Sounds much like the Common Core controversy here in the US
A scathing report from Canada’s C.D. Howe Institute calls into serious question some of the very same math instruction techniques that Common Core State Standards have brought to schools around the US, including Kentucky.
Canada’s National Post reports that the new report says a math instruction approach known as “Discovery Learning” has set Canadian students back in international testing.
Anna Stokke from the University of Winnipeg’s department of mathematics and statistics wrote the report. She says:
“You know what’s the worst kind of instruction? The kind of instruction that makes kids feel stupid. And that’s what a lot of that discovery stuff does.”
Discovery Learning approaches, as the report describes them, sound exactly like things being pushed as a result of Common Core. Researcher Stokke’s report says the Discovery Learning approach includes:
• minimal guidance from the teacher and few explicit teacher explanations;
• open-ended problems with multiple solutions (Example: The answer to my question is 37. What might my question be?);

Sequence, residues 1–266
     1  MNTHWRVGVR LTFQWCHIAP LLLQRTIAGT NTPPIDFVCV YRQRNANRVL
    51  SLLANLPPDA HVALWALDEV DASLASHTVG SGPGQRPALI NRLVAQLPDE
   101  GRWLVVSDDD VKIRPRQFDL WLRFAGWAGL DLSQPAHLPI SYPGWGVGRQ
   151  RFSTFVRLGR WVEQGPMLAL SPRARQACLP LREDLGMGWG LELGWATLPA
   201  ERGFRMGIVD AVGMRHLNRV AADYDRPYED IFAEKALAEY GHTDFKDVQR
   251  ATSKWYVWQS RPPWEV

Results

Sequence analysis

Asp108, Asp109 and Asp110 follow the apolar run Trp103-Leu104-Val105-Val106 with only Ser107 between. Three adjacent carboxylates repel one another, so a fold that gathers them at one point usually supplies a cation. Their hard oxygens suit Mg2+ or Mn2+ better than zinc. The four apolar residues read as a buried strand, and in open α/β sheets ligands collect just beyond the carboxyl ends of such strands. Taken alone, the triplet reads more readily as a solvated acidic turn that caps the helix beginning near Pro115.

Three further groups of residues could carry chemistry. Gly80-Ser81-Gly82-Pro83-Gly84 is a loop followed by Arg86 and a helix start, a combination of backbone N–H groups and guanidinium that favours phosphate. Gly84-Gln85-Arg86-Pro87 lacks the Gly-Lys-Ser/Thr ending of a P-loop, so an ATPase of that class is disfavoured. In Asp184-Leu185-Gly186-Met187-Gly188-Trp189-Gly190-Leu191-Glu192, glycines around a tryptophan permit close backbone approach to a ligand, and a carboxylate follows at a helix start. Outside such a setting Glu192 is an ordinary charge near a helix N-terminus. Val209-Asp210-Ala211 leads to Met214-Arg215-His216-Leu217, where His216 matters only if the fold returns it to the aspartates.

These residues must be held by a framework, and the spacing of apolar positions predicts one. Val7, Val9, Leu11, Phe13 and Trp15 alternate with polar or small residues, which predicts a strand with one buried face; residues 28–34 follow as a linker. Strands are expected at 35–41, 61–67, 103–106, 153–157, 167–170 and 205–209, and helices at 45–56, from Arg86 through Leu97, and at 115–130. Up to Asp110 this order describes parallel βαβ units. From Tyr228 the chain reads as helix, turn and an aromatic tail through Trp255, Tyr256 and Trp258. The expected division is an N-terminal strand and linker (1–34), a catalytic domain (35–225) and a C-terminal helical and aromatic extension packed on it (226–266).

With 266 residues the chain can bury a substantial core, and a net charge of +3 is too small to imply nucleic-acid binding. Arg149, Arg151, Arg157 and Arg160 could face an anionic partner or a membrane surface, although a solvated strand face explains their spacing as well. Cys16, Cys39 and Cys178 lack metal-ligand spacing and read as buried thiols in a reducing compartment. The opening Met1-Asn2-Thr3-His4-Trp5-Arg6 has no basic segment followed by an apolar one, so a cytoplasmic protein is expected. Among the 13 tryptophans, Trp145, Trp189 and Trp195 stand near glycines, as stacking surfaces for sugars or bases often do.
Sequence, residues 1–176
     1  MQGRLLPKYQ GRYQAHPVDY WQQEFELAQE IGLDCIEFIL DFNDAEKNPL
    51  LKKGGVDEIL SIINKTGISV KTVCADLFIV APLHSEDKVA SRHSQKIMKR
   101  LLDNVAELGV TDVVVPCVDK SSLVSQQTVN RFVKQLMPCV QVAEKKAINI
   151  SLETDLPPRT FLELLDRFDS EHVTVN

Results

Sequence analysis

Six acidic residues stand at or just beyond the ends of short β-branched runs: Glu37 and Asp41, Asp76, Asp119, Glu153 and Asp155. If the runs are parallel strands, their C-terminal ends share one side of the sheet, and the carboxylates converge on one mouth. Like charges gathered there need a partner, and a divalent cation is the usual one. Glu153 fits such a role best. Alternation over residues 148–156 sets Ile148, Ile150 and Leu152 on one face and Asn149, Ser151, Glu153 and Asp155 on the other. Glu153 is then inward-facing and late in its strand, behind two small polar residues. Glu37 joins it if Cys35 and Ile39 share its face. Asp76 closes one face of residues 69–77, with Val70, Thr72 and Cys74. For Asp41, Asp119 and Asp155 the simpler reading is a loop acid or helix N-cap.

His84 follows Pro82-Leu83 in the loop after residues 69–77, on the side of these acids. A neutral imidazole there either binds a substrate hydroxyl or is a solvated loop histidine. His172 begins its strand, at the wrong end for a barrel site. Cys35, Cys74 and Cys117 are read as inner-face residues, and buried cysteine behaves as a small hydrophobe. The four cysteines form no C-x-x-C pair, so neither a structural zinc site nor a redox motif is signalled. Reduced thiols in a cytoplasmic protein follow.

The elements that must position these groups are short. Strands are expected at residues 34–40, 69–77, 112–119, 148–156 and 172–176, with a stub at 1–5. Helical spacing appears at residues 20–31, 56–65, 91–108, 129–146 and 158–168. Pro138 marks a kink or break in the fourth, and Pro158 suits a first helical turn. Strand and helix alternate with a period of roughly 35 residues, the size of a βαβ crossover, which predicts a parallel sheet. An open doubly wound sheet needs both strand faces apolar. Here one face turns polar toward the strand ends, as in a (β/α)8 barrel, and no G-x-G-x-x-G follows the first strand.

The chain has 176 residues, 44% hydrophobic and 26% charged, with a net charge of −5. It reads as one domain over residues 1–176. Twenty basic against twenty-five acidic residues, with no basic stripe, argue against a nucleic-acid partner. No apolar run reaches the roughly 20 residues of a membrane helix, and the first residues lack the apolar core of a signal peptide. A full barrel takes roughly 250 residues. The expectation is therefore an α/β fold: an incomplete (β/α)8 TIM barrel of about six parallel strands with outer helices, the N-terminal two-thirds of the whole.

• frequent use of hands-on materials such as blocks, fraction strips and algebra tiles or drawing pictures to solve problems;
• use of multiple, preferably student-invented, strategies;
• minimal worksheet practice or written symbolic work;
• memorization of math facts is deprioritized;
• standard methods such as column addition or long division are downplayed;
• a top-down approach in which students work on complex problems, even though foundational skills might not be present.
Herein lies trouble. The National Post says that with Discovery Learning approaches:
“…students’ working memories get overwhelmed if they don’t know their times tables and can’t quickly put a standard algorithm to work to solve a more complex problem, both features of what’s known as ‘direct instruction.’ Key operations, such as addition and subtraction of fractions, are overly delayed until the middle school years, just as students need that facility to tackle algebra.”
That’s clearly bad, but here is a real eye-catcher direct from the report:
“A particularly disturbing finding, from a number of studies, is that low-aptitude students perform worse on post-test measures after receiving discovery based instruction than they do on pre-test measures. In other words, discovery-based instruction might result in learning losses and widen the gap between low- and high-performing students.”
Did you catch that? Researcher Stokke says that using techniques being pushed by Common Core supporters could INCREASE achievement gaps. Folks in Lexington, take note.
So, these Common Core like approaches have been in use in Canada for a decade and that nation’s test performance is falling. And, research shows the approaches are not optimal. That’s not a great confidence builder for Common Core’s similar math approaches here in the USA.